In the Morning Jolt, I try to put last night’s fantastic special election victories for Republicans in context for the 2012 presidential election. Sure, special election victories don’t always foreshadow how the subsequent national elections will turn out. But last night’s eye-popping results wouldn’t have occurred without a vivid national political environment, and it’s one that is extraordinarily ominous for Democrats.
About Last Night
Congratulate two new Republican members of Congress: Mark Amodei of Nevada’s 2nd Congressional District and Bob Turner of New York’s 9th Congressional District.
Regarding the latter, “Democrats have held [this district]for 88 consecutive years,” observes Brent Teichman.
Redistricting will force New York to lose a congressional seat in the 2012 elections, and so it’s possible that Turner will find himself running against an incumbent next November.
It’s worth noting that special-election victories don’t always foreshadow the trend of the following elections; Democrats enjoyed special-election wins by Scott Murphy and Bill Owens in New York, Ted Deutch in Florida, and Mark Critz in Pennsylvania in 2009 and 2010 before getting thrashed in the 2010 midterms; the GOP won special elections with John Campbell and Brian Bilbray in California in 2005 and 2006, and then went on to lose the House and Senate in 2006.
But Democrats shouldn’t fool themselves – which is, perhaps, what they’re best at. If Obama’s approval rating was in the high 50s and unemployment was 6 percent, these races would have looked different. While we never know what the future holds, there are not many folks who are predicting or projecting an economy that looks significantly better in autumn 2012 than it does in autumn 2011. And if that’s the case, how high can Obama’s approval rating be by Election Day next year? 50 percent? The mid-40s? Based on trends, it can and probably will be lower, and perhaps much lower, as he will be assessed in voters’ minds through the prism of four years of hard times.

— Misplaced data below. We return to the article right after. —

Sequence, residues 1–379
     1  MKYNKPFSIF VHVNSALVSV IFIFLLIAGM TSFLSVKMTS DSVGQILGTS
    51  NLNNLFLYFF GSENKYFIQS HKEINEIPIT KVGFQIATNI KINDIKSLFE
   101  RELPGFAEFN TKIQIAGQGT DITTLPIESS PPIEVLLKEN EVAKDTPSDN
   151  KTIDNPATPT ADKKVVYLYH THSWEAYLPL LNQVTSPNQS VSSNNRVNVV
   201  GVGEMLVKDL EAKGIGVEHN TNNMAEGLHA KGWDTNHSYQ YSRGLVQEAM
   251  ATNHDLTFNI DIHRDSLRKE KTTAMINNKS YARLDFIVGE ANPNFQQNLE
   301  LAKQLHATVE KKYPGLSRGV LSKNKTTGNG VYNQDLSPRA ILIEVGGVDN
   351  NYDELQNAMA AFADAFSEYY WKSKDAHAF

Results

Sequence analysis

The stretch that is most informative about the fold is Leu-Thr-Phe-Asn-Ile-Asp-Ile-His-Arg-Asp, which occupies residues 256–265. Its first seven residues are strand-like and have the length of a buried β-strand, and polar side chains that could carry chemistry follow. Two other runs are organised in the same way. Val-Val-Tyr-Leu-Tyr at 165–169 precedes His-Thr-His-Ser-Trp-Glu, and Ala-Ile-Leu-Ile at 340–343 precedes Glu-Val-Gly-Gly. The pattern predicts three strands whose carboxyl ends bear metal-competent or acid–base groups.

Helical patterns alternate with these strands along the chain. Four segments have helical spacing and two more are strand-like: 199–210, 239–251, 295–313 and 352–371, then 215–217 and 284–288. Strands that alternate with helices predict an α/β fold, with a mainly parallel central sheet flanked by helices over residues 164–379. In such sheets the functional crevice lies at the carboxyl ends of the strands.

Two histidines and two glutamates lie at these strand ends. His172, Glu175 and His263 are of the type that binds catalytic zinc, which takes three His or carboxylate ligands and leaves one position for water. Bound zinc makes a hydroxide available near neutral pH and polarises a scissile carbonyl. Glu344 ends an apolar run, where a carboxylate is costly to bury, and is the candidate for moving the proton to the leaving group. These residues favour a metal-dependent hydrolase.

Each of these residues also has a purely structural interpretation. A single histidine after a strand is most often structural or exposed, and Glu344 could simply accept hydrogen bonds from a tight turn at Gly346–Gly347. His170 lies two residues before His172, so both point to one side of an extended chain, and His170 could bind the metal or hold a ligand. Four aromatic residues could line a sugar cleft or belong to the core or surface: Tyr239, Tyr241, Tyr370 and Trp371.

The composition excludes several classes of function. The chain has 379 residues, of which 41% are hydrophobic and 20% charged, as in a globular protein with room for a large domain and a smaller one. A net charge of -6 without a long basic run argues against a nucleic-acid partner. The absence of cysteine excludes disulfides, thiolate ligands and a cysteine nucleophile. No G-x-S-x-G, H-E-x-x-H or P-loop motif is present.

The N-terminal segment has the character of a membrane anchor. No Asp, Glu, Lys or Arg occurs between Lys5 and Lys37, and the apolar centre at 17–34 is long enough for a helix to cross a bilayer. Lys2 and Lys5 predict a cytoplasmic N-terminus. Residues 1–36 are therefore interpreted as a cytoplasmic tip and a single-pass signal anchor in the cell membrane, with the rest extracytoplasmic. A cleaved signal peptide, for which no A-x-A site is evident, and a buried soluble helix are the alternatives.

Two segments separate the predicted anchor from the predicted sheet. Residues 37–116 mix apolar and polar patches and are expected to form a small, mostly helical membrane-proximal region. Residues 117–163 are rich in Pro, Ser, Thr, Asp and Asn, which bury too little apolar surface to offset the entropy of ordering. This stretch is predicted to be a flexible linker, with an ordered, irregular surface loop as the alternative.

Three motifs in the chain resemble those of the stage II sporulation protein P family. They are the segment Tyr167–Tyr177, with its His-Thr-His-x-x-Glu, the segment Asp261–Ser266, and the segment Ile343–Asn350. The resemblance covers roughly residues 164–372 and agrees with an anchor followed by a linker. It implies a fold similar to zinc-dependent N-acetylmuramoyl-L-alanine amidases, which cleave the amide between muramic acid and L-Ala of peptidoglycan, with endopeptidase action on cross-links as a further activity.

I listen to Democrats today and I hear a lot of echoes of Republicans in Bush’s second term, after his numbers really took a tumble post-Katrina. A lot of Bush’s supporters were convinced that sooner or later it would turn around, that it was just a long slump, etc. It never really did turn around much, and then when Lehman collapsed and the economy tumbled at the end, the bottom fell out.
A friend reminded me yesterday that I (apparently) said, shortly after Obama’s election, that if you run on hope and fail to deliver, you’ll find yourself running for reelection in a supremely cynical nation.
Liz Mair concludes, “I’m thinking that ethics/sleaze issues + less-than-awesome opinion of Obama = combo that gives Republicans a shot in even unlikely places.”
If you’re looking for results in the special elections in Nevada’s 2nd Congressional District and New York’s 9th Congressional district, you can find them here (Nevada) and here (New York). At this hour, the early count looks fantastic for both Republicans.
In New York, Bob Turner leads, 51 percent to 49 percent, with 121 of 512 precincts reporting.
In Nevada, Mark Amodei leads 61 percent to 34 percent, with about 12,400 votes counted so far.
UPDATE: AP calls it for Turner. Marshall has called and conceded to Amodei. The night ends with the GOP going two-for-two.